Home » Uncategorized » “when radical feminists talk about lack of choice in the sex industry they are saying that sex workers are all victims who don’t have agency”

“when radical feminists talk about lack of choice in the sex industry they are saying that sex workers are all victims who don’t have agency”

in arguments between radfems and sex workers, sooner or later this line comes up:

“when radical feminists talk about lack of choice in the sex industry they are saying that sex workers are all victims who don’t have agency”

but agency is defined as “the ability to act in the world.” is there some magical realm where victims do not have agency? if that’s the case, then no victims of anything have “agency.”

this (false) accusation speaks to me of a hatred of victims. because not only are sex workers not immune to victimization, but they probably face even more lack of choice (considering it’s sex, that last barrier to complete domination). feminists do not victimize or criminalize sex workers; all they do is point out the existing victimization.

radical feminists also have a problem with the liberal take on “agency” and all the choice politics surrounding it because it turns into victim-blaming by none other than the men supporting the industry: rape victims choose to be raped, sex workers who don’t like what they’re doing can just leave and choose another job, and so on. it also ignores trafficking, considered to be such a very small occurrence or even non-existent that it could never overlap with sex work or make its way into legalized aspects of the sex industry.

but sex industry advocates don’t want anyone to know this, because it’s bad for public relations. all women in the sex industry have choice, or so the story goes. they even go so far as to steal feminist arguments such as “choice is relative” or “choice is a spectrum, not a binary” and pretend they’re their own. then the rare privileged ones can identify as and pretend to speak for those they’re not (the most marginalized women in the sex industry) and play both sides. it’s so insidious how they hate actual victims of any kind.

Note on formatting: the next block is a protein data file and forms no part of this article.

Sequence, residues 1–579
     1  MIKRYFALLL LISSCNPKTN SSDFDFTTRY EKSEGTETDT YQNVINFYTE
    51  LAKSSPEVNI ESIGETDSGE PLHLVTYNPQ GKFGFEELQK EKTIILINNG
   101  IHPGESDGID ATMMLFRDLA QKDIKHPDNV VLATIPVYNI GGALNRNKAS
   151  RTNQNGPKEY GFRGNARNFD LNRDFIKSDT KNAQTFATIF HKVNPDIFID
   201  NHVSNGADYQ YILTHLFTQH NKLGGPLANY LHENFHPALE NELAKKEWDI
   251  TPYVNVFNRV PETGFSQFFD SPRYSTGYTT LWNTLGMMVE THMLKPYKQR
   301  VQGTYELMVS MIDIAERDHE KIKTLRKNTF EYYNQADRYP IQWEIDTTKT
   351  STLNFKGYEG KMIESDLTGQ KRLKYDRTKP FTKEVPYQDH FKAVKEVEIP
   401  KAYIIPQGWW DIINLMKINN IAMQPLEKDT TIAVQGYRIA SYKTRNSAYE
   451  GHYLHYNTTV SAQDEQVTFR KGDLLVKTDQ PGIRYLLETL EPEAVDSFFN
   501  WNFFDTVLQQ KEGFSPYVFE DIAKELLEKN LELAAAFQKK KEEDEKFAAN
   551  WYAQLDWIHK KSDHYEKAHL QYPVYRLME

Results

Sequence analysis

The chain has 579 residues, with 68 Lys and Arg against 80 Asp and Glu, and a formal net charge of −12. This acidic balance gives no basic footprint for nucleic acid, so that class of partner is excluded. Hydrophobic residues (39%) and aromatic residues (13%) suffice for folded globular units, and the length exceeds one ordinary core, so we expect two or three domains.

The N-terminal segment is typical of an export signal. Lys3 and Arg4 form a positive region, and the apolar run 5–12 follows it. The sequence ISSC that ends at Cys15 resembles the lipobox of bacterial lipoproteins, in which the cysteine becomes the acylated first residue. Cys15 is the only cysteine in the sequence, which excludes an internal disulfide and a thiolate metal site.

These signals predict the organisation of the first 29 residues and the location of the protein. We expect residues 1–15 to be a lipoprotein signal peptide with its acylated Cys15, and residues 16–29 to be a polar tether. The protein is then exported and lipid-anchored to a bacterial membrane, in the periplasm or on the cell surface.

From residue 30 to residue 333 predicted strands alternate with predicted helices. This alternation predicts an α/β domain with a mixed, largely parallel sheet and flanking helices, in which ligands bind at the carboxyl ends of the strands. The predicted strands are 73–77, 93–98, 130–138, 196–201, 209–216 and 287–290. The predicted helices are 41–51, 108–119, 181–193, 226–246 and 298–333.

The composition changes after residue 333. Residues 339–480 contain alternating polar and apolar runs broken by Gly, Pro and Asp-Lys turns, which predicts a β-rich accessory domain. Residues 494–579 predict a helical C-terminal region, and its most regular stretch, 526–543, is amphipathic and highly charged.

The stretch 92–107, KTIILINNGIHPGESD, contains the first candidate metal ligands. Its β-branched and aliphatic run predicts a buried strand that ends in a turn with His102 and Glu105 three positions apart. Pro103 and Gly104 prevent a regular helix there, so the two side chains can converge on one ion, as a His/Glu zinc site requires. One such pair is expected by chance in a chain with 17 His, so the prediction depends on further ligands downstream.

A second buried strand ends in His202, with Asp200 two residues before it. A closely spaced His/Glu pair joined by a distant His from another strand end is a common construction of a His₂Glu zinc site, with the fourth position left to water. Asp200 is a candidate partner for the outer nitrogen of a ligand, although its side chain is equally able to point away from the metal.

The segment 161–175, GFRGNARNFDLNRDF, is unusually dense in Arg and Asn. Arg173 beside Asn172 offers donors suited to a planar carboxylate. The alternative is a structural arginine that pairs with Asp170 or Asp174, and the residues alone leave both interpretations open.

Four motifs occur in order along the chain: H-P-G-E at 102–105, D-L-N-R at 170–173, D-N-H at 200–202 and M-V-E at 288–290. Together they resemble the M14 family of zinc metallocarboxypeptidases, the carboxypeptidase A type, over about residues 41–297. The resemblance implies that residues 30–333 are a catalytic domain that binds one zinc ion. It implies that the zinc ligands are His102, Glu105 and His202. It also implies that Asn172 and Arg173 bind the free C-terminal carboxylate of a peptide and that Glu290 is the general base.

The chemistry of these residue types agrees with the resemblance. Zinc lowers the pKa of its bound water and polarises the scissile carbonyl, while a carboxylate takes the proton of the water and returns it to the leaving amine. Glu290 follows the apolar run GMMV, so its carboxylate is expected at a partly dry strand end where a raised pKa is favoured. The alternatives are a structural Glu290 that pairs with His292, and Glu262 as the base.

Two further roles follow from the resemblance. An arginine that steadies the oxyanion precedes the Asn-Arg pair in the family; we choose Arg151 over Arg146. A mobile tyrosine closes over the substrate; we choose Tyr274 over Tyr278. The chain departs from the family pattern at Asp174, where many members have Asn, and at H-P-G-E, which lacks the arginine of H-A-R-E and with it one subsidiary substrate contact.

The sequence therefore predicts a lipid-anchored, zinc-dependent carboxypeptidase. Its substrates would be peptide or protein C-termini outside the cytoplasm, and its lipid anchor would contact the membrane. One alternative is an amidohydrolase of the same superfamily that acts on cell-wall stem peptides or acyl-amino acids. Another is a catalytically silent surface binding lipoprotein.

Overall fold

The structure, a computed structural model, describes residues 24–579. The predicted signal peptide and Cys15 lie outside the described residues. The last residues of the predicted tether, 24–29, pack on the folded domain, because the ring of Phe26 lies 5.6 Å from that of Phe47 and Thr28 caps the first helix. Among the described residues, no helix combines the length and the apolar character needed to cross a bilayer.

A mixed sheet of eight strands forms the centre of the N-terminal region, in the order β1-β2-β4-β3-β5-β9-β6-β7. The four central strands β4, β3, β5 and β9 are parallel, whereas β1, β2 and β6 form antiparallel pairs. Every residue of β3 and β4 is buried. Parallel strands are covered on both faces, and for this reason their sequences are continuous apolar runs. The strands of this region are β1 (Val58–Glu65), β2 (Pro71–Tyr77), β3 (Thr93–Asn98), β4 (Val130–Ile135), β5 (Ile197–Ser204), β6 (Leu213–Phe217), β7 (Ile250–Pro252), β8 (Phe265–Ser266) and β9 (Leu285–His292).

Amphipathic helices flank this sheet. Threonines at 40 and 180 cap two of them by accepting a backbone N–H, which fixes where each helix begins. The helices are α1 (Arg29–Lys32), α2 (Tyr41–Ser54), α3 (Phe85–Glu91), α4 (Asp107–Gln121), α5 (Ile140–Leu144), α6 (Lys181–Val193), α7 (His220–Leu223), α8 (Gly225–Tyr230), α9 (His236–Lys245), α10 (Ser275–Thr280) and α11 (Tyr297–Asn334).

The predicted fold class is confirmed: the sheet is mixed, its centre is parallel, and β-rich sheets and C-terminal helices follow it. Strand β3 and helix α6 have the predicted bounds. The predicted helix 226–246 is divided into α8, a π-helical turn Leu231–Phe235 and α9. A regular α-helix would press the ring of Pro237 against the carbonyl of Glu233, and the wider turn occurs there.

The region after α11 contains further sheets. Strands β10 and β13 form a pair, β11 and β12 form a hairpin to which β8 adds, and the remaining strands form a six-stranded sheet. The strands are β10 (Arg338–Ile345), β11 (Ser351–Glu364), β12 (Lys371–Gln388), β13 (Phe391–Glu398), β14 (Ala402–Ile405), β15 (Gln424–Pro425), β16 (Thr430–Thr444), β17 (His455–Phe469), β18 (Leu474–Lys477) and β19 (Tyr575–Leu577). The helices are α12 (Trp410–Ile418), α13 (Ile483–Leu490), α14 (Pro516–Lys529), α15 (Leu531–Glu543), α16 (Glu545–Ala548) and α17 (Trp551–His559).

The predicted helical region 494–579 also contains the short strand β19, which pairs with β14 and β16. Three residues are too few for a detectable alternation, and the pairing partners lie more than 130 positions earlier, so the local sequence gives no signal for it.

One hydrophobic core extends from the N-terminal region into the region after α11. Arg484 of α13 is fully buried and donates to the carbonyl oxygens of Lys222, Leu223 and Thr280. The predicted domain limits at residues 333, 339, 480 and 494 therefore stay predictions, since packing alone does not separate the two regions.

“To expose the victimization of women by men is to be blamed for creating it and for making women into passive victims. The liberals fail to recognize that women’s victimization can be acknowledged without labeling women passive. Passive and victim do not necessarily go together. It is the liberals who equate victimization with passivity. It is they who devise this equation…. It seems obvious that one can recognize women as victims of surrogacy, pornography, and prostitution without stripping them of agency and without depriving them of some ability to act under oppressive conditions.”

— Janice G. Raymond. “Sexual and Reproductive Liberalism.” The Sexual Liberals and the Attack on Feminism. Ed. Dorchen Leidholdt and Janice G. Raymond. Teachers College Press, 1990. 103-111.

14 thoughts on ““when radical feminists talk about lack of choice in the sex industry they are saying that sex workers are all victims who don’t have agency”

      • Yeah, I can see that, in liberal terms. That’s what I’m attacking. The other, related definition has to do with choice and free will and that’s been debunked (as you’ve eloquently done). Either everyone has agency or nobody does. I believe it was Dworkin who said something about how victims have the ability to act in spite of their oppression, not in collusion with it. Because according to liberals, victims = passive and hence not subjects of their experiences. But they’re not; neither are women passive. That line’s been used to enforce gender and dehumanize women.

  1. Well, I think that ties into the whole “victim/survivor/thriver” rhetoric, victim is passive and survivor is active, sort of thing.

    I was going to write an entry about it until I realized that I really have no clue what being a victim/survivor feels like, so I’m not really qualified to talk about it. It seems to me that the whole victim/survivor thing is silly, but I could be totally off the mark about that.

  2. IMO, a victim is someone who has gone through trauma and is either acutely suffering or dead, and a survivor is alive and/or has processed some of the trauma so they don’t feel so utterly powerless; so victim tends to be the preferred term (at least, the more accurate one). Which reminds me: another accusation hurled at radfems is that they only care about dead sex workers and not living ones. Thriver seems like psychobabble I saw listed on a therapy site once. But I’m ranting: I think people who have gone through trauma can use victim or survivor as they see fit. It’s the reason why I very rarely talk about my experiences, because my arguments need to have merit without them. I mean, experiences matter, but to other people they will always be anecdotal. Besides, strangers will inevitably use them against me or pull the “no true Scotsman” (not a good enough victim) fallacy; against any woman, really!

  3. That’s perfectly fine; I’m just concerned that from an external perspective using the term “survivor” instead of “victim” takes our attention away from the people responsible for the harm. “Victim” points to the harm and the perpetrators, “survivor” is more about the person’s subsequent process.

  4. If you change your mind about writing an entry on it, I’d support it. I think you have a pretty good understanding (as with many topics) even if you are not “qualified” to talk about it. Maybe, to add more content, ask around with a few women.

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